Thursday, October 10, 2019

Filmens helte

Filmens helte (DK 1928). Patachon (Harald Madsen) and Pat (Carl Schenstrøm). Photo: Steve Massa Collection.

Filmens helte [The Film Heroes] (DK 1928) by Lau Lauritzen. Photo: Det Danske Filminstitut, Copenhagen.

Pat and Patachon. Filmens helte [The Film Heroes] (DK 1928) by Lau Lauritzen. Crying at the restaurant during the premiere of their Western movie. Photo: Det Danske Filminstitut, Copenhagen.

Filmens helte [The Film Heroes] (DK 1928) by Lau Lauritzen. Photo: Det Danske Filminstitut, Copenhagen.

Filmens helte [The Film Heroes] (DK 1928)
regia/dir: Lau Lauritzen. scen: Alice O’Fredericks. cast: Carl Schenstrøm (Pat), Harald Madsen (Patachon). copia/copy: DCP, 67′, col. (da/from 35 mm, imbibito/tinted)*; did./titles: SWE. fonte/source: Det Danske Filminstitut, København.
    * Not tinted but toned.
    PC: A/S Palladium.
    Fy & Bi – Filmens helte / Valkokankaan veikeät veijarit / Elokuvan sankarit / Majakka ja Perävaunu – Elokuvan sankarit / Lustiga luffare / Tjusiga tokars talanger / Pat und Patachon: Die Filmhelden.
    Danish premiere: 1 Oct 1928.
    Finnish premiere: 25 Dec 1928 Piccadilly – 2420 m – control number 15298.
    Finnish telecasts: 9 May 1965, 18 Sep 1983.
    Finnish re-release: 17 Oct 1980 Bristol 2, distributed by O.Y. Kinosto – 2290 m.
Le Giornate del Cinema Muto (GCM), Pordenone.
European Slapstick – Prog. 4: Pat & Patachon
Grand piano: Neil Brand.
Teatro Verdi, e-subtitles in English and Italian by Underlight, 10 Oct 2019.

Mikael Braae, Ulrich Ruedel (GCM): "Two down-on-their-luck actors get a break as part of a wager between a producer and a director. The director boldly promises that he will make stars of even the worst actors they can find. It all seems to fail, but in the end they prevail as comic stars."

"This “meta-film” – Pat and Patachon are effectively shown working in the Palladium film studio, which produced their Danish films in the late silent period – gives a very good impression of what the comedy duo “Fy og Bi” (Fyrtårnet og Bivognen / Lighthouse and Trailer) was all about, and why a large part of the European world  embraced them. Their popularity – which may seem hard to understand today – rivalled that of the great American clowns, and indeed anticipated the success of Laurel and Hardy several years later."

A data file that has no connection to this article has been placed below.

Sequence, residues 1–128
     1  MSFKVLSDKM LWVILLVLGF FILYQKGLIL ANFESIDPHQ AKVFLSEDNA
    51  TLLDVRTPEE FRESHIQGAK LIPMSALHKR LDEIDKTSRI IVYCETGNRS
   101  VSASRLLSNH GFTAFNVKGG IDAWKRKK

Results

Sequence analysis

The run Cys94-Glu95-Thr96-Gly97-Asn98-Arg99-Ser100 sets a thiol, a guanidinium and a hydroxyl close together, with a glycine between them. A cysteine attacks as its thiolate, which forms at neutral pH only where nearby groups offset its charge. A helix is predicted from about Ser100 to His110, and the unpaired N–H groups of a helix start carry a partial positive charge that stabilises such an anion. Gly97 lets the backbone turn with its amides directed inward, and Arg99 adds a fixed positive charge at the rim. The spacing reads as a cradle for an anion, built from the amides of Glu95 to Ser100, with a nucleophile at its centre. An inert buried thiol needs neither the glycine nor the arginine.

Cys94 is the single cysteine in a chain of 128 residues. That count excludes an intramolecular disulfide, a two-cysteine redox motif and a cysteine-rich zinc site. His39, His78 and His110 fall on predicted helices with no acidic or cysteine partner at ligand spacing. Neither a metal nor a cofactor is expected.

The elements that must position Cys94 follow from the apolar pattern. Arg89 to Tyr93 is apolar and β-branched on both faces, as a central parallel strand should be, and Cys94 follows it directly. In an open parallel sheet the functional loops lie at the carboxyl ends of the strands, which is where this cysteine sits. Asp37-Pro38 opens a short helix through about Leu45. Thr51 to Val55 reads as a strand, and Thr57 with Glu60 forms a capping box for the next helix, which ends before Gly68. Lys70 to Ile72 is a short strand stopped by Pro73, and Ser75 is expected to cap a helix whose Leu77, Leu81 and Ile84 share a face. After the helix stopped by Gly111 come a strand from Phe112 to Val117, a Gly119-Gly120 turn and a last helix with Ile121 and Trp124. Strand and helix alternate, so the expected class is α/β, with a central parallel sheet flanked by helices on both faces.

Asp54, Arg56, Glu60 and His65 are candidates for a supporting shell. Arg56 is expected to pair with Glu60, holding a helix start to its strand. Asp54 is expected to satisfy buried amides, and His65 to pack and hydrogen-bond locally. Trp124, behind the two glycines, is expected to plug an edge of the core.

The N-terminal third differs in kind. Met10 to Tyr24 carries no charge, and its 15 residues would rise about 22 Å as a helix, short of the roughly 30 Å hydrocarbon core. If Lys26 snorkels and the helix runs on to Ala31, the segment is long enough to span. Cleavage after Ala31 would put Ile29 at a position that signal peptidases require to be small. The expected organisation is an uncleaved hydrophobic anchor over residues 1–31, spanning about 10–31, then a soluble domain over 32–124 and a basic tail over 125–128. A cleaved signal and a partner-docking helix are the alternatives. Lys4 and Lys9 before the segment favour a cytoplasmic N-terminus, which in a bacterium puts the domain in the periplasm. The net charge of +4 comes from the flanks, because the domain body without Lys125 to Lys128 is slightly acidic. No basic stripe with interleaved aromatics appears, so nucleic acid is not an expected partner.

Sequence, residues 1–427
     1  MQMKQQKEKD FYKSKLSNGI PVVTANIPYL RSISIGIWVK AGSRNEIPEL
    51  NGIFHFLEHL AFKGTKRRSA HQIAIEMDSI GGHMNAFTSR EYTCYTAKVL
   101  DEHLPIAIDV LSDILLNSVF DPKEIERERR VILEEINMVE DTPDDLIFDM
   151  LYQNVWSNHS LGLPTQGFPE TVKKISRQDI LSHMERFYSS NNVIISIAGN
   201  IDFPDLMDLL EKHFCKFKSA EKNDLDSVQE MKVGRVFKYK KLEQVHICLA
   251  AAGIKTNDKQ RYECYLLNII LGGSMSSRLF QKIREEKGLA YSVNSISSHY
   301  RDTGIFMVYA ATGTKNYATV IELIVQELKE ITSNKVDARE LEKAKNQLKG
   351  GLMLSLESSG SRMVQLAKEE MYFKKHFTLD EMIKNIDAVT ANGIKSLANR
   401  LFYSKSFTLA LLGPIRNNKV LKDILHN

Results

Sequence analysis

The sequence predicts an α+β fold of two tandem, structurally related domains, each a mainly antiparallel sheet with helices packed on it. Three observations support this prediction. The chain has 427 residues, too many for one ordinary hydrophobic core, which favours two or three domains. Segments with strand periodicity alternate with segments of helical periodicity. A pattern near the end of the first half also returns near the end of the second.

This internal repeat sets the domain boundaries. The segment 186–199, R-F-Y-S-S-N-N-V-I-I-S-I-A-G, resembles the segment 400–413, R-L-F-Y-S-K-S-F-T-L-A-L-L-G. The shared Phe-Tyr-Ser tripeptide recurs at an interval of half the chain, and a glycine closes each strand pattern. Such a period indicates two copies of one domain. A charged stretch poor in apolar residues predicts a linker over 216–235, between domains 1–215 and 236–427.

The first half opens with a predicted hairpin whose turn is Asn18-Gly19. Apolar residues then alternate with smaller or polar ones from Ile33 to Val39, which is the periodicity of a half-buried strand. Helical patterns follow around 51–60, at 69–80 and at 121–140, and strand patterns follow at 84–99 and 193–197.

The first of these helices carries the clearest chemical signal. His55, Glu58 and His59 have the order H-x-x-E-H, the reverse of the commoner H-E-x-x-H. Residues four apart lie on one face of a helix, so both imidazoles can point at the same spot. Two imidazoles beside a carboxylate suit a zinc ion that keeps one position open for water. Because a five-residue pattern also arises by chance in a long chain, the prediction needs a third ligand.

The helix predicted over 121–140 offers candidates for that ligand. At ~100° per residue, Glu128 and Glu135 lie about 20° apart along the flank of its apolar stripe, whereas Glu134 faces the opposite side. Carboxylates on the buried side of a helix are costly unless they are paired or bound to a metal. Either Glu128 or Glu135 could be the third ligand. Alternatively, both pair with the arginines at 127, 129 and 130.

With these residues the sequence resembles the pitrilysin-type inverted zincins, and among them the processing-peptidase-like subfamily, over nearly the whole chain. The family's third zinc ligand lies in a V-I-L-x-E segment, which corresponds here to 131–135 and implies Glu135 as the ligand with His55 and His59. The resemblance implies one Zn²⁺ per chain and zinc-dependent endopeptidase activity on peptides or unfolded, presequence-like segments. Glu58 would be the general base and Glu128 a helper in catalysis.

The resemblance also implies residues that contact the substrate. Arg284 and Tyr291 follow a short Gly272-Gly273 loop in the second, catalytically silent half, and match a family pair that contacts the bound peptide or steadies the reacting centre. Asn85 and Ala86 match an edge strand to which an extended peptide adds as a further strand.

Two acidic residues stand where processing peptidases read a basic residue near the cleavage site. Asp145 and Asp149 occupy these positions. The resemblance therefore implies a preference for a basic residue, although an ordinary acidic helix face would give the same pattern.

"This was specifically intended as an “anniversary film” to mark “Lau Lauritzen’s 25th Palladium comedy with Pat and Patachon.” (Hauke Lange-Fuchs, Pat und Patachon, 1980)."

"Apparently deemed the ideal showcase for their specific brand of comedy, it was reissued as the centrepiece of the theatrical compilation Filmens Helte as late as 1979, and similarly served as the source for the first two episodes of the German television show Pat and Patachon (1984)."
"The film has been digitized from a beautiful vintage tinted Swedish nitrate print." Mikael Braae, Ulrich Ruedel (GCM)

AA: The title of this Swedish release version is Tjusiga tokars talanger.

I have seen many Pat & Patachon films but they have all been sonorized re-release version except this and Gustaf Molander's Polis Paulus' Påskasmäll, seen in Pordenone six years ago. The difference is huge. The original versions are much more charming because they include the build-up and the post-processing of the gags. The humour is more satisfying; the films are not just mere strings of goofy bits of action.

Filmens helte, "Heroes of the Screen", fits also to Pordenone's "Films on Film" theme this year. We get an authentic, albeit humoristic, look into the functioning of an established film studio: from auditions to the shooting to the premiere of a Western film. Meant as a serious Western drama it turns into a farce – and a big hit for the film company.

Let's register the presence of funny ladies in this film: Eli Lehmann and Inger Schmidt appear as the producer's daughters. The vibrant "Josephine Baker" character with a sunny smile has not been credited – she plays the Native American princess in the film-in-the-film. There is innocent eroticism in the sequence where Bivognen tries to catch the princess with his lasso, and Fyrtaarnet swings his knife between his legs. A gun is fired. Moments of genuine anxiety are caused by Fy's knife-throwing towards Bi who is tied onto a tree.

The romantic department is mostly clumsy and embarrassing. The daughters of the producer have flirtations of their own, and there is a comedy bit about their hiding in a coalbox and needing a bath. Increasingly Bi wants to get out of the picture. Being the butt of Fy's blows is not funny anymore. The play turns to reality when he begins to strike back.

(At this point the screening was interrupted because of a medical case. It happened a few seats removed in the same row where I was sitting. The person's friends, the theatre staff and the paramedics acted fast, and our colleague got help.)

Having seen Filmens helte like this I need to reassess Fy & Bi. More proof is needed.

The visual quality: I like the charming sepia toning adopted from the Swedish nitrate source.


AA Facebook capsule:

Filmens helte I have seen quite a few Pat & Patachon / Fy & Bi / Majakka & Perävaunu silent films: they were telecast in my childhood, and as late as in the 1980s they were theatrically re-released by major distributors in Helsinki. But I always found them "poor man's Laurel & Hardy" although Fy & Bi were huge international stars long before L&H. In Pordenone I realize that I had seen truncated and boringly sonorized versions. The originals have real build-up and post-processing of gags, surprising female characters and moments of genuine pathos, sorrow and agony like Chaplin. Neil Brand electrified the show at the grand piano. Thanks: Mikael Braae and Uli Ruedel.

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